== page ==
- Read-after-write Consistency - when you write to a database you would expect the change to be there upon subsequent reads. This consistency makes that guarantee
- Monotonic Reads - If several replicas are utilized, we can encounter a situation where some replicas are more behind than others. In such cases, read requests from replica to replica will look like we’re jumping around in time (possibly back in time). Monotonic reads are a guarantee which prevent such jumping around in time
- Consistent Prefix Reads - If there are two requests A and B, and B depends upon A, then we want to make sure no one sees B, unless they can also see A. This is a causal relationship, and the term “consistent prefix reads” simply means this causal ordering is maintained.
- Read repair - When a client reads a value from multiple nodes and detects a stale value from one of the nodes, they will then write back the correct value to the node that contained the wrong value.
- Anti-entropy process - a background daemon that runs on some datastores that will persistently look for differences in data between replicas and restore them to a consistent state.
- Quorum - a subset of a cluster that must be in agreement for a decision to be recognized. For Leaderless systems (the Dynamo family of databases), this is w + r > n
- w + r > n - this inequality is a rather sneaky way to guarantee fresh reads. It states that if there are n nodes in a cluster, then the number of nodes that must be written to is w, and the nodes that must be read from is r. If this inequality holds, then ever read will contain at least one of the fresh writes due to an inevitable overlap. Clever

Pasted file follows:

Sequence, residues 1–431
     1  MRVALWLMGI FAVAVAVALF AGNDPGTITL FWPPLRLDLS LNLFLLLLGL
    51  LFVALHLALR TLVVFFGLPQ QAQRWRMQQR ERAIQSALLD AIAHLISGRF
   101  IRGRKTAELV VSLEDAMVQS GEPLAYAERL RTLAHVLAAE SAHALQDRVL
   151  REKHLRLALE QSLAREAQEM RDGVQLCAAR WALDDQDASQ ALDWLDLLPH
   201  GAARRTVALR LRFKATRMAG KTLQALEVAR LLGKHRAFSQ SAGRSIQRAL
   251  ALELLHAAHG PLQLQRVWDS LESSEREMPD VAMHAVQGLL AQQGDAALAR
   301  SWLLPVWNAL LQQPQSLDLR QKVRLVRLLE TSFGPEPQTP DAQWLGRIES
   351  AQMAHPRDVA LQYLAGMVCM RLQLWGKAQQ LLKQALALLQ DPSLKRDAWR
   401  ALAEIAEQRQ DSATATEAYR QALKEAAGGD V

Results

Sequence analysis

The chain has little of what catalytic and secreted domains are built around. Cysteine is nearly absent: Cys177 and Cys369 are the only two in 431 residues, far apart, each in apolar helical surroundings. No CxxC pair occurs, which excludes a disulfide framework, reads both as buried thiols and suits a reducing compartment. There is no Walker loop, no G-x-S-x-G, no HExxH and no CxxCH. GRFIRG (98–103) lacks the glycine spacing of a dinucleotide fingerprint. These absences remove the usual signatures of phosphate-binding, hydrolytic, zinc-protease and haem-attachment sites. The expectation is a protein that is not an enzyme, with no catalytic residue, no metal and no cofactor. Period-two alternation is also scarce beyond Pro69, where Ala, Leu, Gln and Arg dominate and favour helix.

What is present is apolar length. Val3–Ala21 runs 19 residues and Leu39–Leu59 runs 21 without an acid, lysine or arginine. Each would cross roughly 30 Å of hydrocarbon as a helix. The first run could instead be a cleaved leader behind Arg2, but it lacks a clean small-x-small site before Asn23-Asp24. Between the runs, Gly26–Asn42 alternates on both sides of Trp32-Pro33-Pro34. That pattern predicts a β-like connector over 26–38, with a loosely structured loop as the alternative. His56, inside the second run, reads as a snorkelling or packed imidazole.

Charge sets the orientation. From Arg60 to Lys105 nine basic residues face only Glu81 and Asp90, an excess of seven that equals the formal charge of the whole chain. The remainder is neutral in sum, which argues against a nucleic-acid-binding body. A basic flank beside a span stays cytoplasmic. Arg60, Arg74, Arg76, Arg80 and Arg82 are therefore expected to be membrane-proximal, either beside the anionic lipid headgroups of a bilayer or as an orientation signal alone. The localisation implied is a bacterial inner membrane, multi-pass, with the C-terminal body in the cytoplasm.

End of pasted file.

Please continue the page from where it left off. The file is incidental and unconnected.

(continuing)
- Last write wins - a very destructive way to handle concurrent writes, but is conceptually easy to remember as the name describes it perfectly: the last write to the DB should win. Used by Cassandra and optionally by Riak. (Note on Cassandra: Because Cassandra uses this strategy, it is recommended to make each write operation to Cassandra with a UUID and treat the entry as immutable. This is similar to a log, or event sourcing)
- "Happens Before" relationships - if we handle concurrent writes with care, we need to keep track of happens before relationships. This is typically done with version vectors
Chapter 6 - Partitioning
- Hot Spot - a partition receiving a unfairly high amount of load, e.g. it receives much more queries than other partitions. The presence of hot spots are antithetical to the goal of partitioning, which is to evenly distribute data and query load across a set of nodes.
- Secondary Index - an index that utilizes some other information other than the primary key. The keys in a secondary index are not necessarily unique, unlike a primary index.